Thousands in Czech military to suffer demotion in rank


The Czech Army, which went fully professional five years ago, is preparing major changes in military rank, which will mainly affect lower-level officers. Under an amendment passed last year, on January 1 the army will reintroduce ranks from private to sergeant, mirroring armies in fellow NATO countries. But the changes mean that some 14,000 Czech soldiers will suffer demotion.

Until now the lowest non-commissioned officer in the Czech Army was that of staff sergeant but within just a few months that will no longer be the case. Under a harmonization of rank with other NATO members, the Czech military will drop the titles of sergeant first class, sergeant major and second lieutenant and it will reintroduce those of private, corporal and sergeant.

Vlastimil Picek, photo:
In practical terms, that means that that thousands of the army’s members will suffer demotion, some falling by three ranks. For example, a staff sergeant is likely to drop to the level of just corporal. The head of the General Staff, General Vlastimil Picek, has made clear the changes are definite, saying that soldiers will have to accept them. One disgruntled officer spoke in anonymity:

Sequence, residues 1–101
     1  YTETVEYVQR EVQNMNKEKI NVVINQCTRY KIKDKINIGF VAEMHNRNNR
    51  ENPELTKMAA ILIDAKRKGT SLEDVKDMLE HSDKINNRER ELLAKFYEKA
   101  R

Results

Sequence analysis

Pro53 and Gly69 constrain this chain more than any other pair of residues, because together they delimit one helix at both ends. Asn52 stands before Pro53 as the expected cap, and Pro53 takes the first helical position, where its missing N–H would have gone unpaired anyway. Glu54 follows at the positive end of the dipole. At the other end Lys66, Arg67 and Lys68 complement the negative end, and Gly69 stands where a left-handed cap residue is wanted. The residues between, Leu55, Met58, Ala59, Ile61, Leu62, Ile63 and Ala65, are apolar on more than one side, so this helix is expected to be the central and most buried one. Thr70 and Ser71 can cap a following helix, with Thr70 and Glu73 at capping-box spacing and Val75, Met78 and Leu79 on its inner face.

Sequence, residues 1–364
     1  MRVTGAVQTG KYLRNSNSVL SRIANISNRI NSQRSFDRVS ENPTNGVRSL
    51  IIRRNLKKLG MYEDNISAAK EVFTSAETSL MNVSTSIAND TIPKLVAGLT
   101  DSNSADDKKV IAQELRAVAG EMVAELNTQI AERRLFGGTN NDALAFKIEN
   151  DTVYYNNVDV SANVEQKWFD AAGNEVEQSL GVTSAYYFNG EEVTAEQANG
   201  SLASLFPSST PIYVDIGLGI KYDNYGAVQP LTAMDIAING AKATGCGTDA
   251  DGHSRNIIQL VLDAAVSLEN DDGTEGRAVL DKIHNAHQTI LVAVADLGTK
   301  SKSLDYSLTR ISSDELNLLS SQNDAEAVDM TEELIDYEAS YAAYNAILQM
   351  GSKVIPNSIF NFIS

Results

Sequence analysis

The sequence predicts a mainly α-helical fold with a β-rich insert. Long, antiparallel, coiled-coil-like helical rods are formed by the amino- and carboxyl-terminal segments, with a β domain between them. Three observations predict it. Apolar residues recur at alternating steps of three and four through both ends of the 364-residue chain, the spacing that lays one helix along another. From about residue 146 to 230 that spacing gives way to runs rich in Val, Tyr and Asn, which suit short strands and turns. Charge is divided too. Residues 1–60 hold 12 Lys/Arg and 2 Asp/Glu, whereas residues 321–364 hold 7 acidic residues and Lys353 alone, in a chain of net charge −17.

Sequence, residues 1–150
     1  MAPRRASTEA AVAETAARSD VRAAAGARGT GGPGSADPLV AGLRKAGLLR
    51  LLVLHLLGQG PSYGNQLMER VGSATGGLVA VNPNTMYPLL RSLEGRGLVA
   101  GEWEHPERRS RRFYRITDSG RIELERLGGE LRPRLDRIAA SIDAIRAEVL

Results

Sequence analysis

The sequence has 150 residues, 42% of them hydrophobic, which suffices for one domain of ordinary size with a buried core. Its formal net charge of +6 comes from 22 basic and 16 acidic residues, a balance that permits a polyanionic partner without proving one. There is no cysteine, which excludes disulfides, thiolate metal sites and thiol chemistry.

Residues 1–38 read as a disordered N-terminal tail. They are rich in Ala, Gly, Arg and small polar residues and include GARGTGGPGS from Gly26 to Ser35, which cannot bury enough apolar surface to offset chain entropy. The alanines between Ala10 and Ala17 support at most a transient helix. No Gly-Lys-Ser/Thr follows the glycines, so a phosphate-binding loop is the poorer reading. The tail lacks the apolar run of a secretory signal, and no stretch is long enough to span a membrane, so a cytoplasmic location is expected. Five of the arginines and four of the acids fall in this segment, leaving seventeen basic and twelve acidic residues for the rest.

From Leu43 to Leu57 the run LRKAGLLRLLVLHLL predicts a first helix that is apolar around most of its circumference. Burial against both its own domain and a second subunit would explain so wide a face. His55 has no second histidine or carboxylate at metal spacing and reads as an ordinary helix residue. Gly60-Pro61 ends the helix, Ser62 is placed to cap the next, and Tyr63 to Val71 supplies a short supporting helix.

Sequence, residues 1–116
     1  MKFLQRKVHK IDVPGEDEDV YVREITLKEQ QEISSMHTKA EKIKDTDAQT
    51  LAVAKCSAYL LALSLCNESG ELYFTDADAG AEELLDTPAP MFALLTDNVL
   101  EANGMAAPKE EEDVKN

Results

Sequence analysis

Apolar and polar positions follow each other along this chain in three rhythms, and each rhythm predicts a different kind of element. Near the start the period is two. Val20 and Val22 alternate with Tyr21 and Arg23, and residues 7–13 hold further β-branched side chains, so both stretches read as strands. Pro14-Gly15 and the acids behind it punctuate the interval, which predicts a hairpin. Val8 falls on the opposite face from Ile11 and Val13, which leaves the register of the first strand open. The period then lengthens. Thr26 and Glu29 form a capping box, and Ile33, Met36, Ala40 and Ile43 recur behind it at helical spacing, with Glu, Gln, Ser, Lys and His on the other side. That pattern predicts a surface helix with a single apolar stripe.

“I am going to drop in rank to where I started 22 years ago. Okay, this is the army and orders have to be followed. All the same, most of my colleagues and I see this as a dirty trick.”

Instead, soldiers against the move would prefer to be given a choice: either to accept the demotion or to accept a discharge with full honours. But that is a choice the military – following the letter of the law – does not intend to give. The head of the General Staff General Vlastimil Picek:

“Of course some soldiers will be unhappy over rank, but more will be more interested in salaries they receive in the future.”

Those, however, are also likely to be hit, for another reason than a drop in rank: soldiers - like others in the public sector - are likely to suffer likely pay cuts as part of the government’s planned austerity measures. Those require individual ministries, including that of defence, to slash their budgets by 10 percent.